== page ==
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  • 50 years after the first trip to the stars, Bonhams offers unique pieces of space history
  • Post author
    Paul Fraser
  • 50aftertheyears

50 years after the first trip to the stars, Bonhams offers unique pieces of space history

This May, Bonhams will be holding a very special sale to celebrate one of the most important anniversaries in the history of space travel - the first journey of a human being beyond the Earth and towards the stars.

On April 12 1961, Russian cosmonaut Yuri Gagarin became the first person to go into space, setting a landmark in the progress of mankind.  50 years on, Bonhams will be commemorating this momentous achievement with its 3rd 'Space History' auction - which is certain to be popular.

In July 2009, the auction house held the first of these events, at that time marking another benchmark: the 40th anniversary of the first men on the moon. 

The sale was a roaring success; highlights included an Apollo 11 lunar module flown star chart, which realised $218,000, and an Apollo 15 lunar module hand controller - actually used to steer the module - which sold for $206,000.

 

Neil Armstrong autograph
The 'rarest living signature' of Neil Armstrong

Bonhams followed this with its second auction in April 2010, with more fantastic results.  One of the more notable items of space memorabilia was included in this sale; an Apollo 11 flight plan inscribed by 'first man on the moon' Neil Armstrong.

The inscription is one of the most famous quotes of all time - "One small step for a man, one giant leap for mankind".  This utterly unique and iconic piece realised $152,000.  Also featured in the 2010 sale was a space-flown emblem belonging to the third member of the Apollo 11 mission, General Michael Collins.  It sold for $85,400.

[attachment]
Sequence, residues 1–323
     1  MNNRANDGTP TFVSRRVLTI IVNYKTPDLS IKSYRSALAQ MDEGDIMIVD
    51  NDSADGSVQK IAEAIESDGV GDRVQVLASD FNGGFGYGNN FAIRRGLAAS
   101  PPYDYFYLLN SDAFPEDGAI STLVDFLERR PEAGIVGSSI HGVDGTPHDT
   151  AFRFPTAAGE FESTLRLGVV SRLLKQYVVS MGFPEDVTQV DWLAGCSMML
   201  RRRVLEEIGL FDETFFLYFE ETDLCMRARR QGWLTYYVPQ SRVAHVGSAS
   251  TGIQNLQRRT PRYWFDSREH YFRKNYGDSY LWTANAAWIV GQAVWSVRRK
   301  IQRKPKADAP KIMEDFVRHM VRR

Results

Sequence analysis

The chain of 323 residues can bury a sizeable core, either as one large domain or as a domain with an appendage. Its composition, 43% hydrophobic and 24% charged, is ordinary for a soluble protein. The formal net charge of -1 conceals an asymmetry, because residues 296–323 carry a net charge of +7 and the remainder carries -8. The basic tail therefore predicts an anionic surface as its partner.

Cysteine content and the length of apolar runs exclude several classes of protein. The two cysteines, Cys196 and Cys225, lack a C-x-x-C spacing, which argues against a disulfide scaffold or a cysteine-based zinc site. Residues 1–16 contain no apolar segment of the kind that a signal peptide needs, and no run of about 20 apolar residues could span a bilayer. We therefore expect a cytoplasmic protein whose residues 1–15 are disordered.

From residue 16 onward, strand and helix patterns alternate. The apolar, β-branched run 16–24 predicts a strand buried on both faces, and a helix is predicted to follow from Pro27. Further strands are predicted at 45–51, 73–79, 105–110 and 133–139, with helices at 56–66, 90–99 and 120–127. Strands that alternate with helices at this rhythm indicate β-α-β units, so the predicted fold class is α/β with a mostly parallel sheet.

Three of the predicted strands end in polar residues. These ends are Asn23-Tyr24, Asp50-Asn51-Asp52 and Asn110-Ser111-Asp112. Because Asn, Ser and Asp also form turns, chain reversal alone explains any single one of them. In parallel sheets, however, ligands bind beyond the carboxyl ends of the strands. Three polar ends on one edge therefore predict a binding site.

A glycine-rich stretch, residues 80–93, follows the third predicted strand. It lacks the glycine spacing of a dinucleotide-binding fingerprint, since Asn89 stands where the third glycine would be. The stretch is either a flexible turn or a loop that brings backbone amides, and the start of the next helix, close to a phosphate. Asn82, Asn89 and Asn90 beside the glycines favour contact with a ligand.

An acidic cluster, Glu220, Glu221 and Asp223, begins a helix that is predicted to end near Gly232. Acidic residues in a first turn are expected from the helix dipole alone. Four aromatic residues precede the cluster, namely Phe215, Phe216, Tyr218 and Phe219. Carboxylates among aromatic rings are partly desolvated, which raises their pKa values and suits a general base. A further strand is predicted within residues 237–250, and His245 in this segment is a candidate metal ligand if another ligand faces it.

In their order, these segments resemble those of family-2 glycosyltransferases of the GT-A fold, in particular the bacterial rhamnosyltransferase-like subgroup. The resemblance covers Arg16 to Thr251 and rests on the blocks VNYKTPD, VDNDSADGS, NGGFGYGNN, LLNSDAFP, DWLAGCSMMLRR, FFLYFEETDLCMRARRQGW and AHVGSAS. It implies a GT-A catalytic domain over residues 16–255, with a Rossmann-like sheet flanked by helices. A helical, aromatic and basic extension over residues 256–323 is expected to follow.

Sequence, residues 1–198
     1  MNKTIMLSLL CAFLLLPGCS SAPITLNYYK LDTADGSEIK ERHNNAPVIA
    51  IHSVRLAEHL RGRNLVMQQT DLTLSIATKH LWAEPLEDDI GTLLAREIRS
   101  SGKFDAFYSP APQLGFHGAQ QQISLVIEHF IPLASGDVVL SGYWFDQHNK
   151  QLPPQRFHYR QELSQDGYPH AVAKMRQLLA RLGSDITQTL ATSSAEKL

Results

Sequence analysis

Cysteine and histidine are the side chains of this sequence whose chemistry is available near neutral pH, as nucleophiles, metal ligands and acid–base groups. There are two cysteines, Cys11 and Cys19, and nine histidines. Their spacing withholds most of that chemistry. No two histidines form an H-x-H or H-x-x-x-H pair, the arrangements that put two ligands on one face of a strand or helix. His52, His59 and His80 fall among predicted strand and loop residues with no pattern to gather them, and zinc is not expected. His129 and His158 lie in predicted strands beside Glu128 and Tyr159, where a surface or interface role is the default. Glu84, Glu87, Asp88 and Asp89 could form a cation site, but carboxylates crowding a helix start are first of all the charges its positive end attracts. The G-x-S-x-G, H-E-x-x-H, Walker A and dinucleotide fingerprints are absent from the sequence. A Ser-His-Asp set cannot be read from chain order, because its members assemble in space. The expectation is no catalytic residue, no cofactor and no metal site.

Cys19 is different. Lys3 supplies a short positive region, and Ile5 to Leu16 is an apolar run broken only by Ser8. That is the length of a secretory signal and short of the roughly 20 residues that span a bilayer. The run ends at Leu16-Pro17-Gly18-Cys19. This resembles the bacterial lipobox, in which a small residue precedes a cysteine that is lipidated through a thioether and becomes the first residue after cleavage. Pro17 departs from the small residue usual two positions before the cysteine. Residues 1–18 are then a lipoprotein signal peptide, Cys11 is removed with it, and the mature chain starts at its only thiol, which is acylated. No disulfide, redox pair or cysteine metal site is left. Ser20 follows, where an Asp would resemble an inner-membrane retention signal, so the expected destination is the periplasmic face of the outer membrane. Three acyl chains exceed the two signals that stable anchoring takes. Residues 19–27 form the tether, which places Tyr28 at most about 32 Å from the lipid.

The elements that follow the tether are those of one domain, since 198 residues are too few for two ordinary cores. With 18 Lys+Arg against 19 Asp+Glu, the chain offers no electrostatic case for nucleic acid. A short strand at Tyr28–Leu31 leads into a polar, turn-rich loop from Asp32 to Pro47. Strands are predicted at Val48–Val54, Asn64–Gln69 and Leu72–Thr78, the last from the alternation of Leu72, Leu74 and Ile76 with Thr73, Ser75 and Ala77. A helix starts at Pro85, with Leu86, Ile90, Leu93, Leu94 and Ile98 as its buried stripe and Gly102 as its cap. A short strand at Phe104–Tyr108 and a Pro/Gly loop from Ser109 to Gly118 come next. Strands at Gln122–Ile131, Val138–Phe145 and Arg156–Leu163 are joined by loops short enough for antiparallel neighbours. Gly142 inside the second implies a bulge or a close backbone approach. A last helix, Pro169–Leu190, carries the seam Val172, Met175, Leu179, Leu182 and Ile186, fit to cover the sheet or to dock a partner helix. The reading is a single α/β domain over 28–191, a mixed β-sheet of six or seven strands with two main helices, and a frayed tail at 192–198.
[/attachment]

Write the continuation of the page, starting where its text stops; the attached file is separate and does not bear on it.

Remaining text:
The incredible popularity of these sales is likely to be repeated in May; and the signs are already pointing to a general boom in the space memorabilia market over the next two months, which is good news for collectors and investors with an interest in such things.

As we reported last month, the test capsule sent into space three weeks before Gagarin's mission will be auctioned at Sotheby's in April - with an estimate of £2m-10m.  This colossal amount is entirely justified for an item which helped man's first adventure into the cosmos.

Collectors might also be intrigued by this recently acquired Neil Armstrong signature - one of the rarest living autographs in the world.  After Armstrong gave up signing in the early 1990s, the value of his autograph grew by 900% over ten years.  This makes it one of the best alternative investments around.

Bonhams have not released the catalogue for 2011's auction yet, but as soon as they do, you can read about the wonderful items they will undoubtedly offer, courtesy of Paul Fraser Collectibles.

 

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  • Post author
    Paul Fraser
  • 50aftertheyears